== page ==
be imp (+7/2d), but a broad-bladed spear might well be imp (+10/2d) or more. A

bodkin arrow, which inprovides an armor divisor butGURPS

represents a hardened arrowhead on a 0.4-0.5” diameter shaft, might then do 1d

(2) imp (+3/2d) – less injurious than the standard arrow doing 1d imp (+7/2d),

but much better penetration, and consistent with the wound multipliers of

bullets with a similar diameter.

Nasty Bleeding Table

Using this table, a fairly blunt impaling weapon rated at

only +2per 2dsharpness would

inflict a -1 penalty to HT when checking for bleeding per 7 HP of injury taken.

At +8 through +10per 2d,the penalty

is -1 per every 2 HP of injury!

**Armor Penetration**

*Fine*and

*very fine*weapons get a boost to basic

damage, which also has the effect of increasing armor penetration. Some games feature

weapons with an armor divisor of (2), or perhaps even more in high-magic,

high-technology, or super-powered campaigns.

for finer gradations in armor reduction. Armor piercing capabilities will be

represented as a DR reduction per die (or

*per*

2d); an AP rating of -3

2d

*per 2d*

would be equivalent to a (1.75) armor divisor, while -1

*per 2d*would be roughly (1.2). Ratings of -1 to -4 DR

*per 2d*are

*fairly*realistic; -1 or -2 DR

*per*

2dmight represent hardened, high quality steel facing mild or poor metal

2d

armor, while -3 and -4 DR

*per 2d*can

be seen with high-tech alloys like tungsten carbide or depleted uranium. Or

magic.

per-die subtraction is probably -5 DR

*per*

2dof armor, the equivalent of an armor divisor of (3.5). A value of -6

2d

*per 2d*would be a (7), and -7

*per 2d*is basically “ignores armor,” so

applying the usual

**divisors of (5), (10), and (100) once you go past -5**

*GURPS**per 2d*point is probably best for ease

of play and extendibility.

*dice*

using the

*Armor as Dice Table*allows

the per die subtractions to be applied directly to armor. Alternately, apply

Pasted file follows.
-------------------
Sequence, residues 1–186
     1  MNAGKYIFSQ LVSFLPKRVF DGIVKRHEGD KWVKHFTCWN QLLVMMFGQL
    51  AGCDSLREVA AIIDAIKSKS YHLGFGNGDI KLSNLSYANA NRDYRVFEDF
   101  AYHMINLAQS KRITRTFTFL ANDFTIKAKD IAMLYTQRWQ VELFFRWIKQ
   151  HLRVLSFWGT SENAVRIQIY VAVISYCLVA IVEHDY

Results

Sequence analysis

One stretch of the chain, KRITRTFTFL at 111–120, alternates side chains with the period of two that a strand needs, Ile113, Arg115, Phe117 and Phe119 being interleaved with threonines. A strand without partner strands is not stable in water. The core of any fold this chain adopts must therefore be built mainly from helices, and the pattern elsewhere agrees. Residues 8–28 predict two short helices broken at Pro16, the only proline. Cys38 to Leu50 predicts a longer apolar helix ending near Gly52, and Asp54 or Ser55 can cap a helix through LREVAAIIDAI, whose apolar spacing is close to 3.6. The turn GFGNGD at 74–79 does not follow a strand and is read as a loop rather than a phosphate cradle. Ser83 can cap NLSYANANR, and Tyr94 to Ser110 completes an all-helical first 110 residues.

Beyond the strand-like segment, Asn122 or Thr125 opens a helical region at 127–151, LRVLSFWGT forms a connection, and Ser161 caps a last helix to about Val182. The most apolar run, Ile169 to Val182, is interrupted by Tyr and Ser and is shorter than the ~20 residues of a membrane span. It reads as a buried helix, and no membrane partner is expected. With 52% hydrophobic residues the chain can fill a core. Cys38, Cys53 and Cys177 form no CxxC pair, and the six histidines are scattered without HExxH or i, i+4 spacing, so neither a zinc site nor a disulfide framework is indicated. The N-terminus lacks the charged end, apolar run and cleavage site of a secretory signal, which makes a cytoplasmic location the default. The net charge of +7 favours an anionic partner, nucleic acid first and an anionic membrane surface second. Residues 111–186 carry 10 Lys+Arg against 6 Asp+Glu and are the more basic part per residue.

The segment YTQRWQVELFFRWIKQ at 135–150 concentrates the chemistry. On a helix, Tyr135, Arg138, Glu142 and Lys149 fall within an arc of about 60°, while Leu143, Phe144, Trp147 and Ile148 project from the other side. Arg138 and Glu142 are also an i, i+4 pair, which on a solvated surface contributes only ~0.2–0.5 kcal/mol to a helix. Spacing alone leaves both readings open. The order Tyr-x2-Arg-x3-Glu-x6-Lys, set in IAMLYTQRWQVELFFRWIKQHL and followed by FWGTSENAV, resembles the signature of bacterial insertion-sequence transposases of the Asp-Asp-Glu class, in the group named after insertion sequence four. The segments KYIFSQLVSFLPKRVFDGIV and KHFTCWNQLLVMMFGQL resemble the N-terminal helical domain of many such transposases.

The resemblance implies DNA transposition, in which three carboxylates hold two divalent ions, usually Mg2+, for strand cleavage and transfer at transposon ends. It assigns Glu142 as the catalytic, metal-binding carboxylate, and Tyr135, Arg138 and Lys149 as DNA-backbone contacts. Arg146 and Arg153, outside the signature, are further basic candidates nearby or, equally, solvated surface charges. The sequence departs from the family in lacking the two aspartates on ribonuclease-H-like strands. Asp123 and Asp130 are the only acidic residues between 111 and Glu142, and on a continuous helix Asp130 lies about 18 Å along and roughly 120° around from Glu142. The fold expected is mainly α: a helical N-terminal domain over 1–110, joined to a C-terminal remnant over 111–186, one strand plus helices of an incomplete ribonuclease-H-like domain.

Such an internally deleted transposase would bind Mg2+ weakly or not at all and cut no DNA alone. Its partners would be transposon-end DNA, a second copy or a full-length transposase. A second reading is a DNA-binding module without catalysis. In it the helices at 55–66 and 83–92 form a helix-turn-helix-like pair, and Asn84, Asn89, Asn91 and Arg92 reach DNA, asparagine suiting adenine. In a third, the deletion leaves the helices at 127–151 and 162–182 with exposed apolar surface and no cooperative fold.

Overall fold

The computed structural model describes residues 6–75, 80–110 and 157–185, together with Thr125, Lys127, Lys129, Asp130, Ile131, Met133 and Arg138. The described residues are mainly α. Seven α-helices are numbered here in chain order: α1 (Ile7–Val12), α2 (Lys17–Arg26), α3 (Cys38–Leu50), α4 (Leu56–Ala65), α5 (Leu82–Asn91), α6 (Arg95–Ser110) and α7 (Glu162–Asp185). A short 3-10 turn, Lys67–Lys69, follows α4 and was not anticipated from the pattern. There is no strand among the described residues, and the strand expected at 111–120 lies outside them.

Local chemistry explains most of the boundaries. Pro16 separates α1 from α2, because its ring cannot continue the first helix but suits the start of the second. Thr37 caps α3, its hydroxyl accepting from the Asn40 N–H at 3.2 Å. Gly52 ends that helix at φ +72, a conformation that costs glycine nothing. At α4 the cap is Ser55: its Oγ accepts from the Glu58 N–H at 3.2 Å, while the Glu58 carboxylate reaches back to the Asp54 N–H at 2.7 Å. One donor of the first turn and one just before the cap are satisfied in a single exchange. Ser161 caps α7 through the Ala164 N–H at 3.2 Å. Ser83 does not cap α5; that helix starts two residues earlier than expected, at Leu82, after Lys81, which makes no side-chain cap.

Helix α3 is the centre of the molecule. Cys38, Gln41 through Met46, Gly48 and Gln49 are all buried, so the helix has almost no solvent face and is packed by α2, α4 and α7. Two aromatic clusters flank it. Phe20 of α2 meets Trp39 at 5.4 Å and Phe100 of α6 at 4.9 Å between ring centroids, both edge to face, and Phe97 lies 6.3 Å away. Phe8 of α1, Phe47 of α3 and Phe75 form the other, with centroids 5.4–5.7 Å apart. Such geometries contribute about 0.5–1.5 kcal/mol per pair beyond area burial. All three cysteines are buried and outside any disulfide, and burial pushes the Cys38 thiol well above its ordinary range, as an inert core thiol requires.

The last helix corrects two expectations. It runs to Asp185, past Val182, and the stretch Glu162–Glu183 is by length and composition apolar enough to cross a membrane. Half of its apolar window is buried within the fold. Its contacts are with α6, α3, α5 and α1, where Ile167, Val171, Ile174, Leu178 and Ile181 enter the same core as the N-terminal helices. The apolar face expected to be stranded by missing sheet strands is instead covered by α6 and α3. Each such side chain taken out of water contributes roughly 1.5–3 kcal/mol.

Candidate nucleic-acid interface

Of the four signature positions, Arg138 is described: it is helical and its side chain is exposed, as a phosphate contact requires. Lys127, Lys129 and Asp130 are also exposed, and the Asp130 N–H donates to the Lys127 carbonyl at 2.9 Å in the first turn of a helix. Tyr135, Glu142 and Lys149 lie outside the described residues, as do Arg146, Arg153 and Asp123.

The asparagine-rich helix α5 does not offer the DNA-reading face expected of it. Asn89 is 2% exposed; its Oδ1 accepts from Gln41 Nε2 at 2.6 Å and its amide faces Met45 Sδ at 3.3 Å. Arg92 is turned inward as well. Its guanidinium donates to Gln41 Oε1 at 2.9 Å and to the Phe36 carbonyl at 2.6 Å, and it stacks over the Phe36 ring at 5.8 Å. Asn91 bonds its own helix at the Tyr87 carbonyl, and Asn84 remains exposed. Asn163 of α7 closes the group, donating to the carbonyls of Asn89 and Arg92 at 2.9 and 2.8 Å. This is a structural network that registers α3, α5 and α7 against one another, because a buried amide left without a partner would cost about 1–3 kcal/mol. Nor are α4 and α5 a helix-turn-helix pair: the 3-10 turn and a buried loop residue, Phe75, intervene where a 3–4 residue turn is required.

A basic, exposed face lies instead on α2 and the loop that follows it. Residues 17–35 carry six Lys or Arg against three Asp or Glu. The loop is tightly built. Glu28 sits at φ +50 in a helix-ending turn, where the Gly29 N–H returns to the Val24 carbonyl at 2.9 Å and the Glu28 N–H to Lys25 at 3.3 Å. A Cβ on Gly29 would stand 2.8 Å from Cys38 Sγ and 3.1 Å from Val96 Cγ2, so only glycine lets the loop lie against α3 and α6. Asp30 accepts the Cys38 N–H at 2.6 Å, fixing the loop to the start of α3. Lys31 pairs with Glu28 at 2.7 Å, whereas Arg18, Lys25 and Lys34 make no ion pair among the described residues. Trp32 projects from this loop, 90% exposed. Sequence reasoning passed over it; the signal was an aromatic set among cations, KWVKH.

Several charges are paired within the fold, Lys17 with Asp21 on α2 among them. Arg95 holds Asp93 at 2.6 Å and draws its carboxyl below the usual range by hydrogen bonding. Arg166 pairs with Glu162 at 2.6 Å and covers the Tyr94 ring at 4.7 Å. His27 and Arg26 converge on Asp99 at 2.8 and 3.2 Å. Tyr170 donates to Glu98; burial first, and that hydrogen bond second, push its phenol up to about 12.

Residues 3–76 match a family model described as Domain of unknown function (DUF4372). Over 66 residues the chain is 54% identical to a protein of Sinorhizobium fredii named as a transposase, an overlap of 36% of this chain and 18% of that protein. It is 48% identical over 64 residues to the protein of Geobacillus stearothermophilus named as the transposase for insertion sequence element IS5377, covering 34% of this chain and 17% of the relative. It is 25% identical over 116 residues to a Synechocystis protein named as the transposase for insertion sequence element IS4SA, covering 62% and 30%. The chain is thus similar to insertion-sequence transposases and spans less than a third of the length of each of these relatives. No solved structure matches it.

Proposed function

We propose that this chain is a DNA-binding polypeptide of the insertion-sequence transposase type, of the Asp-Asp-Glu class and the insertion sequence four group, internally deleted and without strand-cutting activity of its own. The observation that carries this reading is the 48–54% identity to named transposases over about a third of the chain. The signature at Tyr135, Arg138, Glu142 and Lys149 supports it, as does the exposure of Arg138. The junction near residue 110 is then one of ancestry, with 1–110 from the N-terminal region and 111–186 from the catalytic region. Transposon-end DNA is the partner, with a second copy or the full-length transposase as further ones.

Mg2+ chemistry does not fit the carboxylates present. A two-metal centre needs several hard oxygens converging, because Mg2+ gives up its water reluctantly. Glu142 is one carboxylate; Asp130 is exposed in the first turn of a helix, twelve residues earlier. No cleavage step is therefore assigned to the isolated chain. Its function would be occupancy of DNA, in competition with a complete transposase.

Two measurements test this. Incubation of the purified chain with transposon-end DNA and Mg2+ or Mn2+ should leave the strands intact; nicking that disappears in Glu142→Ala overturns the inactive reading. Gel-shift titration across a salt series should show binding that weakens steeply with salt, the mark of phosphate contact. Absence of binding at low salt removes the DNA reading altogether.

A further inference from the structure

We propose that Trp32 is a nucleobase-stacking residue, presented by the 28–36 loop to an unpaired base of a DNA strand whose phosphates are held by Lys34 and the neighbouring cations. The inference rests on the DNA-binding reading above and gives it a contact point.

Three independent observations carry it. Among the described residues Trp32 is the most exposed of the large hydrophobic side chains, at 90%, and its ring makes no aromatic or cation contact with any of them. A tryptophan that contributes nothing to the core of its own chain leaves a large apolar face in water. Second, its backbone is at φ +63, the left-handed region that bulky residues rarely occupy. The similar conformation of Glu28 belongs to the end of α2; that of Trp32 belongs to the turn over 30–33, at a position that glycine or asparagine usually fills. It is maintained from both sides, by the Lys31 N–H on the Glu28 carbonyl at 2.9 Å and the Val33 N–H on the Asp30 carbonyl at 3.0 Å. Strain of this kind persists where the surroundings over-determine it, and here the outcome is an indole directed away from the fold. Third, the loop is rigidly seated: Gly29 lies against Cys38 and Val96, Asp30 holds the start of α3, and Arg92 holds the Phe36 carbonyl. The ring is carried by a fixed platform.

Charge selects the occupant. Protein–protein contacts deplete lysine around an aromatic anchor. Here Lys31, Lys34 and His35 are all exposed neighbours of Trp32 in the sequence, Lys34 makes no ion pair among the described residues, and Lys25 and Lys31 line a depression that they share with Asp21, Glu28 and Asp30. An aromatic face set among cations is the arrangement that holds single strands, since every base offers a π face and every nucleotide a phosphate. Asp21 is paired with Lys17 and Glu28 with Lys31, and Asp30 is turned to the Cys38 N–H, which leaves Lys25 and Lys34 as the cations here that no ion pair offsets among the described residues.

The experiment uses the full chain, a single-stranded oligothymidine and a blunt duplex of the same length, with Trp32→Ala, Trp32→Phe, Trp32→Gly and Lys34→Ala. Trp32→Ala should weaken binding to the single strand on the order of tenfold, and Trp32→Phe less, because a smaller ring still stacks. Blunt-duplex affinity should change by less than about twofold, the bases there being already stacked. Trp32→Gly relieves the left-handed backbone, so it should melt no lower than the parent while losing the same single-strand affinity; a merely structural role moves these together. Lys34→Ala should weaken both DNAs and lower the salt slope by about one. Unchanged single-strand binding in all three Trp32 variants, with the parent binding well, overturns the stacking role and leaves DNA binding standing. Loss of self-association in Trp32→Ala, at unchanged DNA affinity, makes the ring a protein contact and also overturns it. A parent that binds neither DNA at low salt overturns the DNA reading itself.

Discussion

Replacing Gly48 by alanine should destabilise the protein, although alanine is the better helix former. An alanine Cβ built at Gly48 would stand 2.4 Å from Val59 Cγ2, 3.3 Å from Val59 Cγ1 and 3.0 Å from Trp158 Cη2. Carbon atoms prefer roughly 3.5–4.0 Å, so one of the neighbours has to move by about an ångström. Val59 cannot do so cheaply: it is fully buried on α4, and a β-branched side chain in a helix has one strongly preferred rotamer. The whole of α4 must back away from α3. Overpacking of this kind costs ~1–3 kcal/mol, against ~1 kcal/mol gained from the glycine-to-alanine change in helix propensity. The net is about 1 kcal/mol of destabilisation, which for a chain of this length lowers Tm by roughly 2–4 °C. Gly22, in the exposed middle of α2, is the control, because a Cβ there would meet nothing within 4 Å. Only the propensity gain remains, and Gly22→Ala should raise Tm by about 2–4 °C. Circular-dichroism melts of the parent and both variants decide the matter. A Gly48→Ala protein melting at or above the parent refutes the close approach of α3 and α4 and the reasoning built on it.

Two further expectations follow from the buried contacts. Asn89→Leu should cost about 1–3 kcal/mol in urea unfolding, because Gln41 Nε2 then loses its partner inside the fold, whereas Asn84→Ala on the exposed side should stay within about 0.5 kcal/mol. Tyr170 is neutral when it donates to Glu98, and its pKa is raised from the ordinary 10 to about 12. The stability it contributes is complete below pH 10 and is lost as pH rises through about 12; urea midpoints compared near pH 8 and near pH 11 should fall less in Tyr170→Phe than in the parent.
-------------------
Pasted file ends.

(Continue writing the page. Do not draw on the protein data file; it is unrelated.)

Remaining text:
the partial armor divisors as a percentage reduction in DR. See the

*Hardening Craft Table*(p. 00) for guidelines

on converting

*per 2d*penetration

ratings into armor divisors (and vice versa).

*Example:*Striking DR 8

plate (2d+1) with a magic crossbow bolt rated at 1d+5 imp with an AP rating of

-3 DR

*per 2d*would apply the rating

to the 2d+1 of the

*armor,*resulting

in a reduction of DR by 3, for a net DR of 2d-2. Doing the math, (1d+5)-(2d-2)

is 7-1d imp – expressed a bit oddly for

**damage, but resulting in 1-6**

*GURPS*points of penetration. Using the equivalent armor divisor of (1.75), you’d face

1d+5 penetration with DR 8/1.75, rounded up to DR 5, for 1d penetration . . .

exactly the same result!

*Hardening Craft*

Table(p. 00) for guidelines on the cost of purchasing higher levels of

Table

increased armor divisor for bladed weapons.

*Hardening Defenses*reduce the penetration of incoming cutting, piercing, or impaling projectiles,

increasing the protection against that blow. The hardness rating can be

positive (+2 DR

*per 2d*damage)

representing well-made, hardened armor, or even negative (-1 DR

*per 2d*damage), representing materials

or construction that are weak vs. certain damage types. When AP rated damage

meets hardness-rated armor, simply add the modifiers. Thus, a hard sword or

arrowhead rated at -2 DR

*per 2d*that

encountered a similarly hardened scale harness rated at +2 DR

*per 2d*vs. cut/imp would cancel each

other out, and face each other on equal footing. This would also allow more

detail if using the optional rule for

*Blunt*

Trauma and Edged Weapons(

Trauma and Edged Weapons

**p. 102).**

*GURPS Low Tech,*